Saturday, March 7, 2009

Lent and Meat

My eldest son doesn't eat meat. That includes fish & eggs. I don't remember about dairy products. Anyway, he's not preachy about it, but his quiet example makes me think periodically about the moral dimensions of eating animals, especially during Lent.

I generally assume that our existence, Creation, is the product of God's thought. God thinks the universe, so it is. So we all inhabit God's brain, to put it in physical human terms. And in the Beginning, there was no Sin, and things were in perfect harmony in God's head. But then there was the Fall, and Sin. Consider Sin as the opposite of God, yet existing within his head. Its effects wouldn't be confined to the individual sinner (as we know from practical experience); it could mess up, distort, warp, pervert any other aspects of Creation that it touched. Just to cut this short, St. Paul observed that the wages of Sin is Death, and any universe that includes me dying (dying? dying! ) is obviously screwed-up.

Anyway, back to eating meat, which is related to the Fall.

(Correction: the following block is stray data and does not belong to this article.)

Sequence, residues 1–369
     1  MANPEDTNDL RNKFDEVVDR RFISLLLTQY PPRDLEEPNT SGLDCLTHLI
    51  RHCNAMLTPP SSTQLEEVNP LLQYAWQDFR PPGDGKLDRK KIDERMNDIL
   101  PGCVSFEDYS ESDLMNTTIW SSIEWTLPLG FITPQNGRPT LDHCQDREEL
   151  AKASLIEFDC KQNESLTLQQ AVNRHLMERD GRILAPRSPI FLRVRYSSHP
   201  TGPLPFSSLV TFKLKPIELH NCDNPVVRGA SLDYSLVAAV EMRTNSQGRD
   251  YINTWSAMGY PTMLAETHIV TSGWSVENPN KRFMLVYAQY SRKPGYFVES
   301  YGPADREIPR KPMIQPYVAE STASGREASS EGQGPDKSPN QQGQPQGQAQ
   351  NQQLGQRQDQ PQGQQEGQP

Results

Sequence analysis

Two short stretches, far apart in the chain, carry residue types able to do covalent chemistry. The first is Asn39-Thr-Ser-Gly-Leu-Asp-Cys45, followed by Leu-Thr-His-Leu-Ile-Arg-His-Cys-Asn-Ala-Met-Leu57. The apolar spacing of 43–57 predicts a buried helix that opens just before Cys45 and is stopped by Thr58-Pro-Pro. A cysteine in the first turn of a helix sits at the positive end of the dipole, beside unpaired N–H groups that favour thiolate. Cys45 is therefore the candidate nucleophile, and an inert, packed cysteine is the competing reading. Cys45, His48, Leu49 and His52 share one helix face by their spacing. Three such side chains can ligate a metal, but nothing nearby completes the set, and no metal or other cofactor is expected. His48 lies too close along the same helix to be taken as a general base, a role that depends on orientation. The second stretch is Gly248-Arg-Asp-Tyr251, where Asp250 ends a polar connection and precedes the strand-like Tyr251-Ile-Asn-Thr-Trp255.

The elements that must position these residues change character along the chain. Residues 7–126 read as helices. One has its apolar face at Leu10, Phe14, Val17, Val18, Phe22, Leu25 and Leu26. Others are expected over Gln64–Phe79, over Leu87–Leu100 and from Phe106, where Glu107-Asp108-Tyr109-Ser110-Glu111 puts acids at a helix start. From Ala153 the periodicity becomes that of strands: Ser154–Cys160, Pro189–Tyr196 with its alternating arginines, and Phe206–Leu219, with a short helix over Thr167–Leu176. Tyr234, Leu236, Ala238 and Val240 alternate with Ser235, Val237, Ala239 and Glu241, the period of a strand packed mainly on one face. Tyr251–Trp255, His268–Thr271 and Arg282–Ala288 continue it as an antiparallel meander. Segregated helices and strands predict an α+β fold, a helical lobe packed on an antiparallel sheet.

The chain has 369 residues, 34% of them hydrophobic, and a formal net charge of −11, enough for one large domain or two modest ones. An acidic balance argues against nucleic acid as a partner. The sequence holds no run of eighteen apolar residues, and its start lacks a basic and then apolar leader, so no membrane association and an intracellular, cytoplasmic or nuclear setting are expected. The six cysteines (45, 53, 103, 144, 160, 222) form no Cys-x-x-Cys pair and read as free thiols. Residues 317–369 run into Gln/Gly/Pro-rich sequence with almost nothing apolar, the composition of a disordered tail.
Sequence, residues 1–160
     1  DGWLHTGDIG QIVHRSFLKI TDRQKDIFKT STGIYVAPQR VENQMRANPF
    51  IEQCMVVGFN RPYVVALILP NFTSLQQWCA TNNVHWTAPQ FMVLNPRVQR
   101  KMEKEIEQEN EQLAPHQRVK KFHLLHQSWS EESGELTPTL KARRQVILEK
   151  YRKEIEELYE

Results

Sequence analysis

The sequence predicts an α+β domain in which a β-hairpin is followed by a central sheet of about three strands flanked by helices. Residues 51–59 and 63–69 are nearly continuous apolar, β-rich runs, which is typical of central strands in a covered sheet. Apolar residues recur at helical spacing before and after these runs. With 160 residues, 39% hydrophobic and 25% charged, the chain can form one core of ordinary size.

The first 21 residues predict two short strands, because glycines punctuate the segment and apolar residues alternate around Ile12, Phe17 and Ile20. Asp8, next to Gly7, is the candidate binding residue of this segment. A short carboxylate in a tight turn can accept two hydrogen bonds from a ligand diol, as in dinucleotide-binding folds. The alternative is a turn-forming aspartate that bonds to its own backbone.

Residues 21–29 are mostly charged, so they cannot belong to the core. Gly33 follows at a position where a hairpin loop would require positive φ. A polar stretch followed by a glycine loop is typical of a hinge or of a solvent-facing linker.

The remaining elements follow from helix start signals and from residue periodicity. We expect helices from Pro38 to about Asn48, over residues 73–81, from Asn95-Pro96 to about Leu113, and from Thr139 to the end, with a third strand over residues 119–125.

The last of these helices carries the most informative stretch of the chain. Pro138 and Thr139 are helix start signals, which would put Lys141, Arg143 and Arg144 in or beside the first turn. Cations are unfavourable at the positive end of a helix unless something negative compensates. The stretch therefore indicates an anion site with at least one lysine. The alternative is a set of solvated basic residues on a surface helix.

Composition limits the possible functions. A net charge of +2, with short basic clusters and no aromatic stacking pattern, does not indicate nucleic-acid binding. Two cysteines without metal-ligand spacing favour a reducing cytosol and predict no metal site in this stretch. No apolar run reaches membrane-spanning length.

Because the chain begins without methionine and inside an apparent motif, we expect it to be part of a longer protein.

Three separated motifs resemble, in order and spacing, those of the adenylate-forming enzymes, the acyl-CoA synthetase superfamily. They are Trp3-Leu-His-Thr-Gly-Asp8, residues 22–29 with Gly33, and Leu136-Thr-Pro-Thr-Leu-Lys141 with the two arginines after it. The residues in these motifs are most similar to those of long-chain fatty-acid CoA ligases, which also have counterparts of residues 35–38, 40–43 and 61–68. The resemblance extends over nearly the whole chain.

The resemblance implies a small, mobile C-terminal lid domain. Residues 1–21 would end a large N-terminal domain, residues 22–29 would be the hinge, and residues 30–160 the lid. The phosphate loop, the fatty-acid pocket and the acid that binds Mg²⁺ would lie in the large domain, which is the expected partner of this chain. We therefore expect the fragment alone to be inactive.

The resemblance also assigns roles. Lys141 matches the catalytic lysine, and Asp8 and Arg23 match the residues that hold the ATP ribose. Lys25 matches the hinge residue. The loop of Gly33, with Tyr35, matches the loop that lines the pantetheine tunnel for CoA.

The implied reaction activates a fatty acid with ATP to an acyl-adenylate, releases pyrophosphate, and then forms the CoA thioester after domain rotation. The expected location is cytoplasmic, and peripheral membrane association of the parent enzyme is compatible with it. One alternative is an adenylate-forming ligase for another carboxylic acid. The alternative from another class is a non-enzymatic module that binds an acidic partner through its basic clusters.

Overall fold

First notice how much meat Adam & Eve got to eat in the wonderful Garden:

In Genesis, God said,

"Behold, I have given you every herb-bearing seed, which is upon the face of all the earth, and every tree, in which is the fruit of a tree-yielding seed; to you it shall be for meat."

Apparently, dominion over animals didn't extend to eating them.

Later, after the Fall when Sin entered the world, Noah kept the animals alive during the Flood. When they left the Ark, God said,

"Every moving thing that liveth shall be meat for you; even as the green herb have I given you all things."

I suppose this is a sort of debt the animals owe to Noah: having saved the animals, and by extension all their descendants, Noah and his descendants are allowed to eat them....although this preceding passage doesn't make it sound like that's especially ok with God:

"And the fear of you and the dread of you shall be upon every beast of the earth, and upon every fowl of the air, upon all that moveth upon the earth, and upon all the fishes of the sea; into your hand are they delivered."

Which sounds awful. Yet in a sin-wrecked world God allows it. Apparently some things are conditionally tolerated by God after the Fall that would never have been acceptable in the Garden; which is hardly the same as saying they are good, or blessed, or even condoned.

Of course, we're allowed to still eat fish on Friday...but I regard the no-meat stricture as the Church's way to nudge us toward a Garden worldview instead of a post-Fall one.